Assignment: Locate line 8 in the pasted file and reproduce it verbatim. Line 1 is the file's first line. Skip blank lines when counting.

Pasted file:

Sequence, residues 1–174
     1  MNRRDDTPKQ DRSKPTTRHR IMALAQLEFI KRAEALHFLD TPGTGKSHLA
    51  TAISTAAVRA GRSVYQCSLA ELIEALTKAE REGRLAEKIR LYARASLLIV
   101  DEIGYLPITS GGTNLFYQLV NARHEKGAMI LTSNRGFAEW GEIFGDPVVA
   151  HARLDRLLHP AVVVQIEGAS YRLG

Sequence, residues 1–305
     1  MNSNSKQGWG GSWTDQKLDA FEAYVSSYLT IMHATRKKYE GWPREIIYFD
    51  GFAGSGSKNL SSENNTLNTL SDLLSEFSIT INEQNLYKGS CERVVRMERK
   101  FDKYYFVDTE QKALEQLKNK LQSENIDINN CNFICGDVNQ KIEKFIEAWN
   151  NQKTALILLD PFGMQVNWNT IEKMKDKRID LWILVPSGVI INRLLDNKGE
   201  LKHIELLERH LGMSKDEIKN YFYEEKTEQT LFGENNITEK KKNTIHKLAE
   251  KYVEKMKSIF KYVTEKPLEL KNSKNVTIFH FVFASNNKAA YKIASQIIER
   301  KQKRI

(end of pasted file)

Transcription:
    51  GFAGSGSKNL SSENNTLNTL SDLLSEFSIT INEQNLYKGS CERVVRMERK